The Telegraph
Sunday , April 13 , 2014
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Expect few fish on Poila Baisakh

Ranchi, April 12: Come Tuesday, Bengalis of the state capital will have a tough time playing Poila Baisakh hosts with their dear fish getting dearer, thanks to the ongoing Lok Sabha elections.

Ranchi wholesalers said that with scores of trucks requisitioned for the polls, the much-needed fish supply from outside the state has reduced considerably, causing prices to go up.

“Fish supply has dropped since the election kicked off. This has automatically led to an escalation in the prices of various varieties. As a result, fish is likely to get costlier on Bengali New Year’s Day owing to a rise in demand,” said Pappu Singh of Jai Mata di Fish Company, a wholesale firm operating from Malha Toli.

Singh further revealed that the daily supply of three to four truckloads of fish had gone down to one. “A few trucks are coming to Dhanbad and Jamshedpur. A part of that supply is being brought to us in small vehicles. The prices of chalani (imported) fish had gone up by 10 to 20 per cent in the wholesale market. Retailers are selling them at higher rates in the local markets,” he added.

According to Singh, chalani rohu and katla weighing around 1kg, which earlier sold at about Rs 100 per kg, now cost Rs 110. The larger ones, earlier available at Rs 120 per kg, is being sold at Rs 140 a kg.

Other popular varieties like local rohu, katla and prawns are selling at much higher rates in local retail markets. Depending on size, rohu and katla procured from nearby places are priced between Rs 300 and Rs 400 per kg. Similarly, prawns are available for around Rs 600 a kg in Doranda and Lalpur markets. Small ones of local varieties come for Rs 300 per kg.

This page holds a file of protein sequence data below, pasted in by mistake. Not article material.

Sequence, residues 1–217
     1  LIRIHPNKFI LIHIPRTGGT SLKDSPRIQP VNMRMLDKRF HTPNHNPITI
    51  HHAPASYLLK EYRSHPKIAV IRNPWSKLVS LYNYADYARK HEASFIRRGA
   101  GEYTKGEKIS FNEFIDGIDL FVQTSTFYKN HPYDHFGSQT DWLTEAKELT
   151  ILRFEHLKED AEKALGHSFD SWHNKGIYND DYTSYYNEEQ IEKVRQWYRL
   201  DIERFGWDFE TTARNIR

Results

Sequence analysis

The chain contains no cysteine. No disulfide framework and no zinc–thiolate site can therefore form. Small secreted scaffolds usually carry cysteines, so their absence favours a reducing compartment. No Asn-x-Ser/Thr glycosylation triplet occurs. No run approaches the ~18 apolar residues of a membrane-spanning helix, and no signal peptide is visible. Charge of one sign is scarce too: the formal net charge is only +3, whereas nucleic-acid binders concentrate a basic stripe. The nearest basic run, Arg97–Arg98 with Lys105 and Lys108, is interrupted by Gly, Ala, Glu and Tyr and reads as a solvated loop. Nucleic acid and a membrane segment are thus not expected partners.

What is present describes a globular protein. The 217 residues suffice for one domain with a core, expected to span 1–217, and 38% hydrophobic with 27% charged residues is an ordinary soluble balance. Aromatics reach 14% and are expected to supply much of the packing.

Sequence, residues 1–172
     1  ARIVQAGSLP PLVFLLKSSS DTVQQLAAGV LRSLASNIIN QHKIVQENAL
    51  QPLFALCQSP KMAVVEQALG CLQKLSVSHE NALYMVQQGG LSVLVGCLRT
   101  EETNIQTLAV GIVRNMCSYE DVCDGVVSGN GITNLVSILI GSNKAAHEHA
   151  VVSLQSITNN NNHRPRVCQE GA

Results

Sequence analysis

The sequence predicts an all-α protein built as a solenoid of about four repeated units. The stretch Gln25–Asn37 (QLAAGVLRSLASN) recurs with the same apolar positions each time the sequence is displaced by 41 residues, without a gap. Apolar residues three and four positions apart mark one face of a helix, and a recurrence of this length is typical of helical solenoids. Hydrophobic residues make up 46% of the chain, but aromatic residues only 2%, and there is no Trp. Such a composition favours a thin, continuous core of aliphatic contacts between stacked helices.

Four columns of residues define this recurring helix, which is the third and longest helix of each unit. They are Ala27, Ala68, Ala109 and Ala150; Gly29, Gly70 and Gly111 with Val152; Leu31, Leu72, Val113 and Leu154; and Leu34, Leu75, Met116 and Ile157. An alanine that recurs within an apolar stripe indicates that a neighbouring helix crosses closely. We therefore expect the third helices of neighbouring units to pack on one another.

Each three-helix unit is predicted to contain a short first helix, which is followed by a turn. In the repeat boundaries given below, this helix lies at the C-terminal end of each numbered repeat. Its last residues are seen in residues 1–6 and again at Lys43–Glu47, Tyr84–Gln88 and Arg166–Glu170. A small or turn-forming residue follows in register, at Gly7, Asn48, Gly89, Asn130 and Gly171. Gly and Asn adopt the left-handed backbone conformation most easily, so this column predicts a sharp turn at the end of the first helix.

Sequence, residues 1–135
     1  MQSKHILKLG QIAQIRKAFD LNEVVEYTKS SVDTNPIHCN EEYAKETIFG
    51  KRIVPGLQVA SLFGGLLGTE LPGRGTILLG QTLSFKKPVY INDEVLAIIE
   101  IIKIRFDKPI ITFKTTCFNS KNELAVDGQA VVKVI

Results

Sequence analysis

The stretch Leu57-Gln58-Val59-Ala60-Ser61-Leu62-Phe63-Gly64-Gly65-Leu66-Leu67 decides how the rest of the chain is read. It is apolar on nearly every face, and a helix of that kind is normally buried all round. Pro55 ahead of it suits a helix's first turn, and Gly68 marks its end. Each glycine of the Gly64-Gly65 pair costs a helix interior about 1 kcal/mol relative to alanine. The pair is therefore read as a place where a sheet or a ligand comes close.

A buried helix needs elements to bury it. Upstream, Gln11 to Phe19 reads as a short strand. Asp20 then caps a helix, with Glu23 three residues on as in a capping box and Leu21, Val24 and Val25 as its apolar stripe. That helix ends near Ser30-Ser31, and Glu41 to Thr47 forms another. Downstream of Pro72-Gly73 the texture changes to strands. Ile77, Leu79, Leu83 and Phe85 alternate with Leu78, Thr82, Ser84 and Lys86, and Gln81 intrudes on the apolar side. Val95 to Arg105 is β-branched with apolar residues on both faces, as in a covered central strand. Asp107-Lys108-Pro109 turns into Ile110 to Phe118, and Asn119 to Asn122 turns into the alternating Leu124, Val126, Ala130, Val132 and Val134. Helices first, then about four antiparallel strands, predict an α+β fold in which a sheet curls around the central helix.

To add to the fish lovers’ woes, wholesalers have decided to keep Malha Toli market closed on Tuesdays, beginning April 15. The move is bound to upset those who had planned to procure fish at lower rates from the wholesale mart. “We have informed the retailers to stock fish in advance as our shops will remain closed,” Singh said.

Some retailers, however, have grand plans. “I am planning to bring fresh fish, including Hilsa, from Calcutta by train, but they will be costly,” said Rajendra Nishad, a retailer at Doranda market, hinting that the silver delicacy would have a lofty four-figure price tag.